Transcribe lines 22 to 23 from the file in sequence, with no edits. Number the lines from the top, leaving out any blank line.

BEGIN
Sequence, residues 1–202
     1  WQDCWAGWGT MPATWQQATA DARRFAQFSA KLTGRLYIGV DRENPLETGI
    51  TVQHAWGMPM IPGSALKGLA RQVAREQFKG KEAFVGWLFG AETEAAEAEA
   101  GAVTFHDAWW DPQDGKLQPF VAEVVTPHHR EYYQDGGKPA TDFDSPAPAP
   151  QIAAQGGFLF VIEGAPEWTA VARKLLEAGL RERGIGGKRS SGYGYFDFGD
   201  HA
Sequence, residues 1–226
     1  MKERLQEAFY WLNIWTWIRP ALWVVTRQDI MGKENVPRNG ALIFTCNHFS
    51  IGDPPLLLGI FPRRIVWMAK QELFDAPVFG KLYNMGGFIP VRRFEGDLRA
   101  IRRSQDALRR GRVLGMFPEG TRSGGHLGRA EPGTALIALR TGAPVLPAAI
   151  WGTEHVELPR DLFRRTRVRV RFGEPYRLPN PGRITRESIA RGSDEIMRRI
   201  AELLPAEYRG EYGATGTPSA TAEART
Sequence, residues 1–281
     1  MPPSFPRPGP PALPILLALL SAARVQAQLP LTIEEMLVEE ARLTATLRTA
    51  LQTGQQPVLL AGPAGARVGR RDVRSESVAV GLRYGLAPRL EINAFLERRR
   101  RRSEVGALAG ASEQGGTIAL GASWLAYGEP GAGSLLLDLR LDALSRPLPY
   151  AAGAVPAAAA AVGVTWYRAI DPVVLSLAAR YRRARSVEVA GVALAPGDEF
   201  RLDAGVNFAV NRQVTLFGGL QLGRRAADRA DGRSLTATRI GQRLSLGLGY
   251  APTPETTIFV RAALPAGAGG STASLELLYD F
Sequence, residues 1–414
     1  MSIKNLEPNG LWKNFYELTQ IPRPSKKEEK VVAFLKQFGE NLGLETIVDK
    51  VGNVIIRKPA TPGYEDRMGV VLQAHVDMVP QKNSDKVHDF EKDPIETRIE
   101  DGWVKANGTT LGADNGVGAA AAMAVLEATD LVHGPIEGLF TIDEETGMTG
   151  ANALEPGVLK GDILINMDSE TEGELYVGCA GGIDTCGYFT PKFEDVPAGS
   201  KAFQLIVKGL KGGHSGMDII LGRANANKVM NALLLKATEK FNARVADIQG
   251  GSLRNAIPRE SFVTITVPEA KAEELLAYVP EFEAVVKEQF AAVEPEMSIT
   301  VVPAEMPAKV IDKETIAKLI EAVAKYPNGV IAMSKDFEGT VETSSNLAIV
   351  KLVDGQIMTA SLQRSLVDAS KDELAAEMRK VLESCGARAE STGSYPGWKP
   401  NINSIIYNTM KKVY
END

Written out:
    51  VGNVIIRKPA TPGYEDRMGV VLQAHVDMVP QKNSDKVHDF EKDPIETRIE
   101  DGWVKANGTT LGADNGVGAA AAMAVLEATD LVHGPIEGLF TIDEETGMTG